The American Federation of Government Employees has long pestered President Obama to give federal employees a significant pay raise.
Given the chance to address the president directly, AFGE National President J. David Cox did not shy away from the opportunity to make the pitch to the president’s face. And in doing so, he recruited a powerful ally: Obama’s predecessor, former President George W. Bush.
The White House invited Cox to march with Obama, Bush and civil rights leaders to commemorate the 50th anniversary of “Bloody Sunday” and the walk across Edmund Pettus Bridge in Alabama. While Cox said he was honored to be part of the ceremony, the ongoing fight for civil rights was not on his mind when he shook hands with the president before the march began.
“Boss man, it’s time for a raise,” Cox said he told Obama. Cox also thanked the president for avoiding a shutdown of the Homeland Security Department.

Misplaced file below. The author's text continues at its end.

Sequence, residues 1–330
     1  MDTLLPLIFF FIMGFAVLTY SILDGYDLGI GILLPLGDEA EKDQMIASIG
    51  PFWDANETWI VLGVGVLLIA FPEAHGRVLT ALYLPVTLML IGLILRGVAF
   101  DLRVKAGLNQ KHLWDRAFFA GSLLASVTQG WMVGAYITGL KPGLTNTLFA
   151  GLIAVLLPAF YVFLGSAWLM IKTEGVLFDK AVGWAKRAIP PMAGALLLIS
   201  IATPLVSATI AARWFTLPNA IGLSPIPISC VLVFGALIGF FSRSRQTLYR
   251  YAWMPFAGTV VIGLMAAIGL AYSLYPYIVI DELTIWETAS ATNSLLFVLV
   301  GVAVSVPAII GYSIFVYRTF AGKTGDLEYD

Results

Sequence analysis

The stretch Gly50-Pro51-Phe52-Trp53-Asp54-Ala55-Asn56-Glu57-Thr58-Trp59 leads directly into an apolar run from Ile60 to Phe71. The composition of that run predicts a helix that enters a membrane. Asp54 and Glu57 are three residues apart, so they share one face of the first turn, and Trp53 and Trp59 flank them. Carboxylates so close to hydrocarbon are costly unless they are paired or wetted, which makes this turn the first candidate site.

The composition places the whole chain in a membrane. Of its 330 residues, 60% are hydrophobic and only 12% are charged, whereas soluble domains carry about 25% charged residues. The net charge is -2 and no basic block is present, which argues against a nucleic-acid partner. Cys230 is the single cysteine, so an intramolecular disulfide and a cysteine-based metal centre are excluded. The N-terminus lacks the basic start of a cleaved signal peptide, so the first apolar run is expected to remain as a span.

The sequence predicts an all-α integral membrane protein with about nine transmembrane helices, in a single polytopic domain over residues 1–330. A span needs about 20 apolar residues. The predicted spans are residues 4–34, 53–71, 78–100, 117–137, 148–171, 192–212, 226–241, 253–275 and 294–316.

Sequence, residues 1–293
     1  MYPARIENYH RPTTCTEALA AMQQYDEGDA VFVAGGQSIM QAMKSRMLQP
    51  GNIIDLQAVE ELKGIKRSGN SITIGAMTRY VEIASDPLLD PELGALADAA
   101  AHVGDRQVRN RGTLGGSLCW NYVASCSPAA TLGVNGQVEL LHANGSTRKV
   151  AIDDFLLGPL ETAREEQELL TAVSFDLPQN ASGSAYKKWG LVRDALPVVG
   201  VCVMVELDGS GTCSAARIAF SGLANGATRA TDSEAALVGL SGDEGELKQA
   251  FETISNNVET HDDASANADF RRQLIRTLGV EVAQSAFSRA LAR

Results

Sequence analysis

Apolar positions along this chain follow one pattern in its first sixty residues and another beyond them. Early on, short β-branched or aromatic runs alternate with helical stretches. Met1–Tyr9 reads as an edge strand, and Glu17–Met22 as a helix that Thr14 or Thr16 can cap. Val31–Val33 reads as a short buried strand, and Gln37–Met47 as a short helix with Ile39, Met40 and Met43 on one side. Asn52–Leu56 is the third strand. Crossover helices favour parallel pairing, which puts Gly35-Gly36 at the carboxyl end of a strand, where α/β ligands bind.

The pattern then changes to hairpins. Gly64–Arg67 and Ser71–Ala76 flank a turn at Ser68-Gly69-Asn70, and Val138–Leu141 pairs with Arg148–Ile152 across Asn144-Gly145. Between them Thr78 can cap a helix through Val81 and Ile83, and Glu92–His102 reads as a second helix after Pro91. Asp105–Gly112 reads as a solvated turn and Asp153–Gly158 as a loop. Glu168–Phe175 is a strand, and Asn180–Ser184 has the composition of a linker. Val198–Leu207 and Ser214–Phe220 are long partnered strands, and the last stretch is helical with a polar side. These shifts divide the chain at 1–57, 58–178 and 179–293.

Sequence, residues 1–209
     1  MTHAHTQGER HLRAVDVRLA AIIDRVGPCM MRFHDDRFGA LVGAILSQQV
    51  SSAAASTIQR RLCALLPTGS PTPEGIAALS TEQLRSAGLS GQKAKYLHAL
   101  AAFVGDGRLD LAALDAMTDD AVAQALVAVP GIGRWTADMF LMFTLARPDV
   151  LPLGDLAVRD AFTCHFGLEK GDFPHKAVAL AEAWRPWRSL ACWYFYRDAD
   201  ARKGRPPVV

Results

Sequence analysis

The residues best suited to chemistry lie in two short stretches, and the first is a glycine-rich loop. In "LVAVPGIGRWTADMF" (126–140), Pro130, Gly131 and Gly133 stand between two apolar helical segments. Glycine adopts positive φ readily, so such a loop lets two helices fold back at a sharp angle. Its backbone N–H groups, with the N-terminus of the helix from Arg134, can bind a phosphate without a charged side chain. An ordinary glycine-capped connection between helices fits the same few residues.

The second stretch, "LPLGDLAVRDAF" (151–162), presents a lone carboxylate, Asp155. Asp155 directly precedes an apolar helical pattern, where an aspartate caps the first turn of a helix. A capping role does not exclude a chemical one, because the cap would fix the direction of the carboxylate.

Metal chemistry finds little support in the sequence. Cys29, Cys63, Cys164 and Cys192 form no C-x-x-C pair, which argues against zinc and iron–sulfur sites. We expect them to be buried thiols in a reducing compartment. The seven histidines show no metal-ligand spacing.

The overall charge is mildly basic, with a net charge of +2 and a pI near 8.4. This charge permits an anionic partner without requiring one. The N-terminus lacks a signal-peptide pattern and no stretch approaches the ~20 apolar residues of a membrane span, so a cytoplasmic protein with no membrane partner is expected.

He later thanked former President Bush for pardoning two former Border Patrol agents, charged for shooting a drug smuggler, before he left office.
“I believe this is the first time AFGE has ever thanked me for anything,” Bush told Cox, according to AFGE. Bush then turned to Obama and delivered a key endorsement: “Give these guys a raise,” Obama’s predecessor said.
Obama responded that it was “the second time they asked me for a raise today.”
The president already recommended a 1.3 percent raise for federal employees in 2016 in his budget proposal, though Congress still has the opportunity to block the increase or suggest an alternative amount. Obama approved a historically low 1 percent raise in 2014 and 2015 for the federal workforce, after three consecutive years of frozen pay.
While AFGE and Bush did not agree on much, the union would be ecstatic if Obama took a page out of the former president’s pay raise book: All of the raises approved during the Bush administration were more than 2 percent.